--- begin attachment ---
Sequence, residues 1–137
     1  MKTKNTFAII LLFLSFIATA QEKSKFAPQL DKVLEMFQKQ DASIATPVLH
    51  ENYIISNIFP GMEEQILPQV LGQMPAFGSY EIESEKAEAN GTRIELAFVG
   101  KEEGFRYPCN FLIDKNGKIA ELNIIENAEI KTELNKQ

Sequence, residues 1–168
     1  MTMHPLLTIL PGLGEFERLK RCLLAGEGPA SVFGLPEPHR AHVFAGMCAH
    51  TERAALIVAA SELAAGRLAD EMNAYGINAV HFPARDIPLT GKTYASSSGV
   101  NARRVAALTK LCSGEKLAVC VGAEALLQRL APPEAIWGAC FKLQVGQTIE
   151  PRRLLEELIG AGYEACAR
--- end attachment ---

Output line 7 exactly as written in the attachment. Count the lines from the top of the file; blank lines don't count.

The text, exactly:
    51  TERAALIVAA SELAAGRLAD EMNAYGINAV HFPARDIPLT GKTYASSSGV